If the issuing company is not a CCPC, Bob will pay tax on the employment benefit when he exercises his options and acquires the shares in 2016. Because the shares are ordinary common shares and the exercise price is not less than the FMV of the shares at the time the options were granted (Bob is dealing with his employer at arm's length), Bob may also claim a deduction of 50 per cent of the employment benefit, effectively taxing it at the same rate as a capital gain. Thus, Bob will have an employment income inclusion of $5,000 in 2016, and when he sells his shares he will realize a taxable capital gain of $5,000 in 2018.
If the issuing company is a CCPC, Bob will not have to pay tax on the employment benefit until he disposes of the shares in 2018. Because Bob held the shares for more than two years after the options were exercised, he will also be able to claim a deduction equal to 50 per cent of the benefit. If Bob had held the shares for less than two years, he would still be able to claim the 50 per cent deduction of the employment benefit since the other conditions are met (i.e. the shares are prescribed shares, the exercise price was not less than FMV, and Bob was dealing with his employer at arm's length).
Thus, Bob will have a total net income inclusion of $10,000 in 2018, comprising of the $5,000 employment income (related to the increase in the shares' value net of the 50 per cent deduction when he exercised his options in 2016), plus the $5,000 taxable capital gain realized on the disposition of the shares.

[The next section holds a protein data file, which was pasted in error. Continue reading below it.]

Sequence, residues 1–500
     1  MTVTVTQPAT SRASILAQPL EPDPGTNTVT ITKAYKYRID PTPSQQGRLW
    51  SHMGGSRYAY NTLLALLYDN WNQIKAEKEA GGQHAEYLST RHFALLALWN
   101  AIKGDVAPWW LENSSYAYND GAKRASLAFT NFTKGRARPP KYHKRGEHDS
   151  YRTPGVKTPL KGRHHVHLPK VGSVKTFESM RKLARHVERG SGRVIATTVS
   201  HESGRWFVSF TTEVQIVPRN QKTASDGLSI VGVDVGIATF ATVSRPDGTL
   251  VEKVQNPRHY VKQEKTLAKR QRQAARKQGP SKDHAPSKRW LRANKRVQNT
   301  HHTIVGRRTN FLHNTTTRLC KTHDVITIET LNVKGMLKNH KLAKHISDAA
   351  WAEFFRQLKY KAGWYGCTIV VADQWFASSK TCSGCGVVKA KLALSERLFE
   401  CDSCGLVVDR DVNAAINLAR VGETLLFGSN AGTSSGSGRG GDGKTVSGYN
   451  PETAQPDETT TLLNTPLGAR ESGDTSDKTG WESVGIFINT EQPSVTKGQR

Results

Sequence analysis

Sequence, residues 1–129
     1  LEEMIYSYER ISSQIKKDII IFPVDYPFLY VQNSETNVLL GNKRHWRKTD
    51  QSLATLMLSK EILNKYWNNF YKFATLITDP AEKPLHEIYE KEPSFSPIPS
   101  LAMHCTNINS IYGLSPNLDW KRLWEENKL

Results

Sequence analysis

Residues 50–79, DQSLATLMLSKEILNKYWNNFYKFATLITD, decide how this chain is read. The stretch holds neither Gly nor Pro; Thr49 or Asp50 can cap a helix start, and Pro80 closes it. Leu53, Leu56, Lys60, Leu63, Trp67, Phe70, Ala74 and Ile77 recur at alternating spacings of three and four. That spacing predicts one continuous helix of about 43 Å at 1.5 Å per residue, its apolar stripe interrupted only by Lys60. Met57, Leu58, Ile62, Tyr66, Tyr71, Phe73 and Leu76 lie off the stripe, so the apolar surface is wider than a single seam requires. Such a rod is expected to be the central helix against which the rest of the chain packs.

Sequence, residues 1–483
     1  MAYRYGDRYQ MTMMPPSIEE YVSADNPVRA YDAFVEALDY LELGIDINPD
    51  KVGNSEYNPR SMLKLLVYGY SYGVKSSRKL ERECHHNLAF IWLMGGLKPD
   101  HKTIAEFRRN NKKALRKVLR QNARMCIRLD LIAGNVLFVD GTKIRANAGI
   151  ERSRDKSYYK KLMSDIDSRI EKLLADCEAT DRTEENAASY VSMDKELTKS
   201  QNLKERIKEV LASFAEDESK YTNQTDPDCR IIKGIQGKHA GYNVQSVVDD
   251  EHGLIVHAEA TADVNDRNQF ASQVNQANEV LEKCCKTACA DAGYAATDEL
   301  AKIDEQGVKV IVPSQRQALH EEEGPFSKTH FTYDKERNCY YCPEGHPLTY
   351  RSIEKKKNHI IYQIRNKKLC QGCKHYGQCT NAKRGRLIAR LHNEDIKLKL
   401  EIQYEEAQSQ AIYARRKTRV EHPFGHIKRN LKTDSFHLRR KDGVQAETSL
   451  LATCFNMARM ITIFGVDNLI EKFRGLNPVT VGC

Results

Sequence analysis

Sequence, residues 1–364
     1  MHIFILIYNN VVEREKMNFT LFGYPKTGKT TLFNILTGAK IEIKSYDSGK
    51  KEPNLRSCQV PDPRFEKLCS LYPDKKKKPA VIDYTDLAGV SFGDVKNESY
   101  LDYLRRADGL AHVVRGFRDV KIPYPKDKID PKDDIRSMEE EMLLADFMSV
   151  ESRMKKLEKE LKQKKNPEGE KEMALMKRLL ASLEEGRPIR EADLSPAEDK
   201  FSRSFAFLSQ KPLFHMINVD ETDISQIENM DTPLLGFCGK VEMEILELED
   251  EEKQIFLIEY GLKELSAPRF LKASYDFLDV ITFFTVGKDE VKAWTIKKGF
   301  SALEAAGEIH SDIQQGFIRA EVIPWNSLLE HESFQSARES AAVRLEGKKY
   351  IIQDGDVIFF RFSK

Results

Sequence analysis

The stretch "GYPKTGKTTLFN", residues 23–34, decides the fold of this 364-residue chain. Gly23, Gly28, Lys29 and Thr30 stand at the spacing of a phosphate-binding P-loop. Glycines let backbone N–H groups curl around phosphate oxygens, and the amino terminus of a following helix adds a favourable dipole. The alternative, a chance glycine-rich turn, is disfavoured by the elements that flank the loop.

Bob may be able to shelter the $5,000 taxable capital gain if the shares he sold are eligible for the capital gains exemption for qualified small business corporation shares. Individuals are entitled to a lifetime capital gains exemption of up to $813,600 (for 2015) on such shares.
However, if the shares decline in value and Bob sells them in 2018 for $10,000 (less than their $20,000 value when he exercised the options), he will still have an income inclusion of $5,000 (the employment benefit after the 50 per cent deduction), which is subject to tax, and a $5,000 allowable capital loss (($10,000-$20,000) x 50 per cent). Although the employment benefit is afforded the same tax treatment as a capital gain, it is not actually a capital gain. Thus, the $5,000 allowable capital loss realized in 2018 may not be used to offset the employment benefit.
The content of this article is intended to provide a general guide to the subject matter. Specialist advice should be sought about your specific circumstances.